The race against the legislative clock is on for Daytona International Speedway and other sports venues seeking state sales tax dollars, reports Jim Turner of the News Service of Florida.
A measure (SB 1394) that could land more than $60 million in sales tax rebates for the speedway was unanimously supported by the Senate Commerce and Tourism Committee on Monday.
Officials for the racetrack said the money is needed to help the complex – which annually hosts what is considered NASCAR’s most prestigious race – “remain relevant.”
Still, committee Chairwoman Sen. Nancy Detert cautioned that the speedway may be “late to the party” against the other ventures and as a ranking system for stadium sales tax rebates is also in the legislative pipeline.
With four weeks remaining in the session, the bill has three additional committee stops – the Finance and Tax Appropriations Subcommittee and the Appropriations and Rules committees. Meanwhile, the House companion (HB 1049) has only been heard in one committee, the Finance and Tax Subcommittee.
But backers of the proposal, out in force at the committee meeting Monday, remain confident the measure can weave through the legislative traffic.
“We’ve got time, the session moves, things happen,” said the measure’s sponsor Sen. Dorothy Hukill.
Hukill also downplayed concerns about a proposal (SB 406) by Sen. Andy Gardiner which would require the state Department of Economic Opportunity to rank the economic impact of organizations seeking the government assistance and the potential economic impacts of the stadium work.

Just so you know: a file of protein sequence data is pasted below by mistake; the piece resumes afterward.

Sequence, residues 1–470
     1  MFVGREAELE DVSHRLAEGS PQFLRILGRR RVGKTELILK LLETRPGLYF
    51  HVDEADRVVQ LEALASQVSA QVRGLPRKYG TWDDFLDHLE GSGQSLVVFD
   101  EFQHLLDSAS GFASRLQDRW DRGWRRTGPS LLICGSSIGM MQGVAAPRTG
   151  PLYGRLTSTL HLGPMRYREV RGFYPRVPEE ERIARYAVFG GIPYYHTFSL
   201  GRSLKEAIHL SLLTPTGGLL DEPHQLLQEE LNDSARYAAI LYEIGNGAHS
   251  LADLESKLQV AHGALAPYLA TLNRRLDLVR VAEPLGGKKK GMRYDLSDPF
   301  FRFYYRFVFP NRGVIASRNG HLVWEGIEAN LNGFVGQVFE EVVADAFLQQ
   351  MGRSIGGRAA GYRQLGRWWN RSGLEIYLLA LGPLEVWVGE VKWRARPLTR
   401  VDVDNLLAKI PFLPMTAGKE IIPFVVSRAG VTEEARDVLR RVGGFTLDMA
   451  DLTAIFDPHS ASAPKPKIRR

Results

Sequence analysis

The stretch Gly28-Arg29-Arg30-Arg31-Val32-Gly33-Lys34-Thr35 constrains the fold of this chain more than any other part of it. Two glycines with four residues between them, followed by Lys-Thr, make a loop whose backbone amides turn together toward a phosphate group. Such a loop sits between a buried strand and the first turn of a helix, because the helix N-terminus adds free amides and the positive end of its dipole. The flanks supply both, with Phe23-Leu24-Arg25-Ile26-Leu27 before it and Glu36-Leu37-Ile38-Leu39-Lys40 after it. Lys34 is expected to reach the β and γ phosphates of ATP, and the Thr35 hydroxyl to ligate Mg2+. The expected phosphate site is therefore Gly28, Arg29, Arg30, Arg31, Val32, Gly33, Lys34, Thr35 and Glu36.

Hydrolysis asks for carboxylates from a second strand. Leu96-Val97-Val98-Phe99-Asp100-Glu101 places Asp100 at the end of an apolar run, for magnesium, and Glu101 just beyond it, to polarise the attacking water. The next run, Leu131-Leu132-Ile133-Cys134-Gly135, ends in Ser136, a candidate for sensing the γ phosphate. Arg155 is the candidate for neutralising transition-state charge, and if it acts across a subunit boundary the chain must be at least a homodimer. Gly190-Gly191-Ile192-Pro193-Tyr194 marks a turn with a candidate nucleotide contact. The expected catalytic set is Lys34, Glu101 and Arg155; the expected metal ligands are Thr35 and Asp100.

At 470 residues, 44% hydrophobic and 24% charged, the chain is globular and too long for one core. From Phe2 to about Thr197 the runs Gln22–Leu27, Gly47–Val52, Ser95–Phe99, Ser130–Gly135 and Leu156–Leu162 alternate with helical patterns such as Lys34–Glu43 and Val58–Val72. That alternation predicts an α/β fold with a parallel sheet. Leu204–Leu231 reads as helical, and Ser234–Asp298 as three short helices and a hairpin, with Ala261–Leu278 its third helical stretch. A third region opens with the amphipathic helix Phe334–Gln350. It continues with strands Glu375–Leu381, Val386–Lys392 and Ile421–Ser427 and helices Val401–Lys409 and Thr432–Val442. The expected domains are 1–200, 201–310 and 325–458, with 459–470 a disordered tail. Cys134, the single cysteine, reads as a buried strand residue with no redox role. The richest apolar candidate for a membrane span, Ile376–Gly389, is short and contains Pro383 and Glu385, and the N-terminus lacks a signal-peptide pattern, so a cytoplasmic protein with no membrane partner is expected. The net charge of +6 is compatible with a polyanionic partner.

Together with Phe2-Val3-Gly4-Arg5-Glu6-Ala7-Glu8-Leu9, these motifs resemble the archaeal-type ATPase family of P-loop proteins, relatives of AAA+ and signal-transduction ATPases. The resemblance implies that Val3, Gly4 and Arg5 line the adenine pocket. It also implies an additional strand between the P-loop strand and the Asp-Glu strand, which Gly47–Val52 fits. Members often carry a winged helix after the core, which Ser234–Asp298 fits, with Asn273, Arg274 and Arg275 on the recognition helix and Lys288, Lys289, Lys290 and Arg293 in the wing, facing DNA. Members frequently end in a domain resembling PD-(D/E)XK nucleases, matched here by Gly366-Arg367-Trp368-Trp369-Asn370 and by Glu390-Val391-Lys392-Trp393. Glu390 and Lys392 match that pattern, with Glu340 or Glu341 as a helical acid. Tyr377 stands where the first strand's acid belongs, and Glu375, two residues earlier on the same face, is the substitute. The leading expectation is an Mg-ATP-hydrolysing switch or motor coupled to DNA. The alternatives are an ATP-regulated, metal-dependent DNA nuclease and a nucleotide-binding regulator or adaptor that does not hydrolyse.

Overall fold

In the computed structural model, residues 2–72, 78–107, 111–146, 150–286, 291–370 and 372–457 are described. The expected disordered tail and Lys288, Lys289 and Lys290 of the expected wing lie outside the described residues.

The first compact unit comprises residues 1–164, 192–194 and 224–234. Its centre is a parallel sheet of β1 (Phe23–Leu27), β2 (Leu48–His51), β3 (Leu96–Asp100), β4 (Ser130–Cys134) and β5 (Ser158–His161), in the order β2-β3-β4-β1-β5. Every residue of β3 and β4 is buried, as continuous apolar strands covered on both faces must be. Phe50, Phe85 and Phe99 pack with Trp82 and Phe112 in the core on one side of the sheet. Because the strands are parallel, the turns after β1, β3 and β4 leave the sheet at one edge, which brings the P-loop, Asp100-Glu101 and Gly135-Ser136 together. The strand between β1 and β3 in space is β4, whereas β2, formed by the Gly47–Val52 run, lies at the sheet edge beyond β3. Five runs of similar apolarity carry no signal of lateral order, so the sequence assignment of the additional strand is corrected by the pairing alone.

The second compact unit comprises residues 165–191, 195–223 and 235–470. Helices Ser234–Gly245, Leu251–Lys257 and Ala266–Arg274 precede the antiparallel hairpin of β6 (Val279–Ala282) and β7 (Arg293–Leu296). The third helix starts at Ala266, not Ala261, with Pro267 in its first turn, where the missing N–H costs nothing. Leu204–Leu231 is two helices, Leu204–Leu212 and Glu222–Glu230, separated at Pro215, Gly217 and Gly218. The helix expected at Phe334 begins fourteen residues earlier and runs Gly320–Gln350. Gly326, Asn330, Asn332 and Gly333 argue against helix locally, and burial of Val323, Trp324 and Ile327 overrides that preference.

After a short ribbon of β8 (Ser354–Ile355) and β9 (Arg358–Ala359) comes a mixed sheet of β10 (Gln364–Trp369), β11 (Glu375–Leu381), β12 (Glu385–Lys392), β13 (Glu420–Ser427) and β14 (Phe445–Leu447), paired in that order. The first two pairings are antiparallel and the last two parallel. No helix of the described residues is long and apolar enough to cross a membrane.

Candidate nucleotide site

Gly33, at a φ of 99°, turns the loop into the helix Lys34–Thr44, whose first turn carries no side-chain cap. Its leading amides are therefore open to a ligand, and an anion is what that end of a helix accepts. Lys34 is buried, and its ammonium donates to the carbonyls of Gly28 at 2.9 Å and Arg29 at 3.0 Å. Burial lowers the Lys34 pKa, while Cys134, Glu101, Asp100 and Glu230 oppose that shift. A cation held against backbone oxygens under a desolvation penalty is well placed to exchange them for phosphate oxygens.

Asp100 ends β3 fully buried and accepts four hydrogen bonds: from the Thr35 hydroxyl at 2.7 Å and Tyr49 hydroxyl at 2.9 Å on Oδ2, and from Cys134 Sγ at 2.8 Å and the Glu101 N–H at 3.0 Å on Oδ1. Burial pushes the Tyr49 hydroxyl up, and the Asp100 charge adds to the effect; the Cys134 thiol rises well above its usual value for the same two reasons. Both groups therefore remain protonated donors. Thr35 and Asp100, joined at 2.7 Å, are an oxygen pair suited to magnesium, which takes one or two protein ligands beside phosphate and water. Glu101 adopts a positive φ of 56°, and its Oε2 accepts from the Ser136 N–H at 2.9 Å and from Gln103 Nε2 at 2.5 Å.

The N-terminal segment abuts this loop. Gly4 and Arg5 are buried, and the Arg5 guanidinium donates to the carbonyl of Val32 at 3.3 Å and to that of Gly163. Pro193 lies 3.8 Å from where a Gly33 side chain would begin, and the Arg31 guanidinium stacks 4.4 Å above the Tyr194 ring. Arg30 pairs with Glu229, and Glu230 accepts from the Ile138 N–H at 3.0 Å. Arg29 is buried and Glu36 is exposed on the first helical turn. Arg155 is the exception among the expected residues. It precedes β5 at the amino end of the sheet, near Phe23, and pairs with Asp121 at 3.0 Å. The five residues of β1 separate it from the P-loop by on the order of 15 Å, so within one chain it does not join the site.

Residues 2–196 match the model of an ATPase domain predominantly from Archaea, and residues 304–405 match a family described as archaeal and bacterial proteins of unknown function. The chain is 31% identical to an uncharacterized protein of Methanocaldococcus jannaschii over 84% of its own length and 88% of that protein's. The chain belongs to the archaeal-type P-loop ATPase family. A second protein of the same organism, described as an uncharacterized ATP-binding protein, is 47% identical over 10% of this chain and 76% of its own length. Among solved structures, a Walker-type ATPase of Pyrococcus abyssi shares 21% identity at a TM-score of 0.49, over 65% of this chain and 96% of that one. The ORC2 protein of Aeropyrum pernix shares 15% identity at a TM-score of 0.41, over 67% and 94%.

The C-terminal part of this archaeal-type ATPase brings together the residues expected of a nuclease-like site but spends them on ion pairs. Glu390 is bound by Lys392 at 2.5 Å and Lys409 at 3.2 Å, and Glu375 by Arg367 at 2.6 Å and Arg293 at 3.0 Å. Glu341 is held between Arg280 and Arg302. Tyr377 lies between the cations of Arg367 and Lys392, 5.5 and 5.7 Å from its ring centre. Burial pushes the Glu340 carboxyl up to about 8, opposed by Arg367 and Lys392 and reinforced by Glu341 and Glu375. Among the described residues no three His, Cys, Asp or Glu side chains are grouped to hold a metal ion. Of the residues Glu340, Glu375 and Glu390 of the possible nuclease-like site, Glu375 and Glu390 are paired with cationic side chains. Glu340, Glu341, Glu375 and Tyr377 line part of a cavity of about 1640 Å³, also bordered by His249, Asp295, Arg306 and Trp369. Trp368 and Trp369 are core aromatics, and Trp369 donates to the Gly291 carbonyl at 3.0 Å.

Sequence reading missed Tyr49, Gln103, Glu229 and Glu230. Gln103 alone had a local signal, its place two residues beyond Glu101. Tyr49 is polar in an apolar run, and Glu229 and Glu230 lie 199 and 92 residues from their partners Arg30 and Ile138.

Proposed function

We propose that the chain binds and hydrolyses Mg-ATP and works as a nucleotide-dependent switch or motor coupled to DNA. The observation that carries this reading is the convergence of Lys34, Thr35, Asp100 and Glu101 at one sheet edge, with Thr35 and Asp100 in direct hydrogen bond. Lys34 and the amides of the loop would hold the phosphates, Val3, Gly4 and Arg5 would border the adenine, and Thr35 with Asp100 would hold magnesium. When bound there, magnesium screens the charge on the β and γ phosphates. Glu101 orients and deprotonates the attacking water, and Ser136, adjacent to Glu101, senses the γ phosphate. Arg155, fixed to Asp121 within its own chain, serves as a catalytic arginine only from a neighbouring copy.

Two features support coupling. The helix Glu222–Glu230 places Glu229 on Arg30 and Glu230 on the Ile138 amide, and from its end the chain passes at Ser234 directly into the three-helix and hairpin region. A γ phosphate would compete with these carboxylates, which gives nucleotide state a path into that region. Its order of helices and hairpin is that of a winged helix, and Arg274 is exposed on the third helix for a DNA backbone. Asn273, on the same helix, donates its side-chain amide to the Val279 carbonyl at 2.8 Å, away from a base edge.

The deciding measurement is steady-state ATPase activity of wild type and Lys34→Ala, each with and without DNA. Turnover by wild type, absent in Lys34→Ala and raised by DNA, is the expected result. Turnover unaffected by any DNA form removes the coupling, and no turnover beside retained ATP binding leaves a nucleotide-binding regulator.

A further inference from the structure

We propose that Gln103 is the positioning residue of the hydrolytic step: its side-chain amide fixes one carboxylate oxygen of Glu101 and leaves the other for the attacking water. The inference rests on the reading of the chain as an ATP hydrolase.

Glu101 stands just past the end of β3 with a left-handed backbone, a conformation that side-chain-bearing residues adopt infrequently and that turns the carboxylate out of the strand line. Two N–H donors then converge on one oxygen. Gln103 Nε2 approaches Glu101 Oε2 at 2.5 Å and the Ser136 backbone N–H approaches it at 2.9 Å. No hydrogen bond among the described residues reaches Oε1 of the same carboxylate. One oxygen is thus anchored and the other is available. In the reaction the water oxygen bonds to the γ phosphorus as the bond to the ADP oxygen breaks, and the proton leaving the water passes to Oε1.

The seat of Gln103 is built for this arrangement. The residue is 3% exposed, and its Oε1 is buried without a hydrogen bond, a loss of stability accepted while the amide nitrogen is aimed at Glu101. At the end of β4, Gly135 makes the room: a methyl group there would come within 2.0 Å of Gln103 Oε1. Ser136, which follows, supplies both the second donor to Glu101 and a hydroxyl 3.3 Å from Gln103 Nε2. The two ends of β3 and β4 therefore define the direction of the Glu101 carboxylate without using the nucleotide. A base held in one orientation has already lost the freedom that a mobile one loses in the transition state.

The Miami Dolphins are seeking $3 million a year in sales tax rebates (SB 306) for Sun Life Stadium improvements, while $2 million a year has also been requested for both EverBank Field in Jacksonville (HB 721) and for the construction of a stadium in Central Florida (HB 219) with a goal of attracting a Major League Soccer expansion franchise.
Similar to Daytona, each stadium proposal is for 30 years.
“I don’t want to put one against the other,” Hukill said, “but we’d be a very, very high ranking by the fact that the investment is more than double or triple most of the other proposals. Plus we’re asking for all the (construction) money after we spend the money.”
In addition to the $2 million a year in sales tax rebates, the speedway is also seeking refunds on sales taxes for construction materials – estimated at $10 million – that under Hukill’s proposal can only be requested after the more-than $250 million project is completed.
International Speedway Corporation, the owner of the speedway, plans to use the sales tax money to offset some of the improvements planned for the raceway, which may include an overhaul of the front-stretch grandstand and a redesigned midway.
“We think it’s important that we remain relevant in the marketplace,” ISC President John Saunders said during a teleconference call last Thursday. “You see across the country that sports stadiums are evolving with modern amenities.”
The potential modern amenities for Daytona include wider seating, plush luxury boxes and enhanced Wi-Fi service.
The Senate committee vote comes after International Speedway Corporation announced last Thursday that the net income for the company during the first quarter of 2013, which included the 55th running of the Daytona 500, was $13.5 million.
The net total was down from the $17.1 million reported for the same period a year earlier.
In its release and during the teleconference call, Saunders claimed that the speedway and other company operations in Daytona Beach generate $1.6 billion annually for Florida.
The company, which also owns Hollywood Casino at Kansas Speedway, reported that its overall revenue for the first three months of 2013 was $128.6 million, a $1.2 million increase from the same period a year earlier.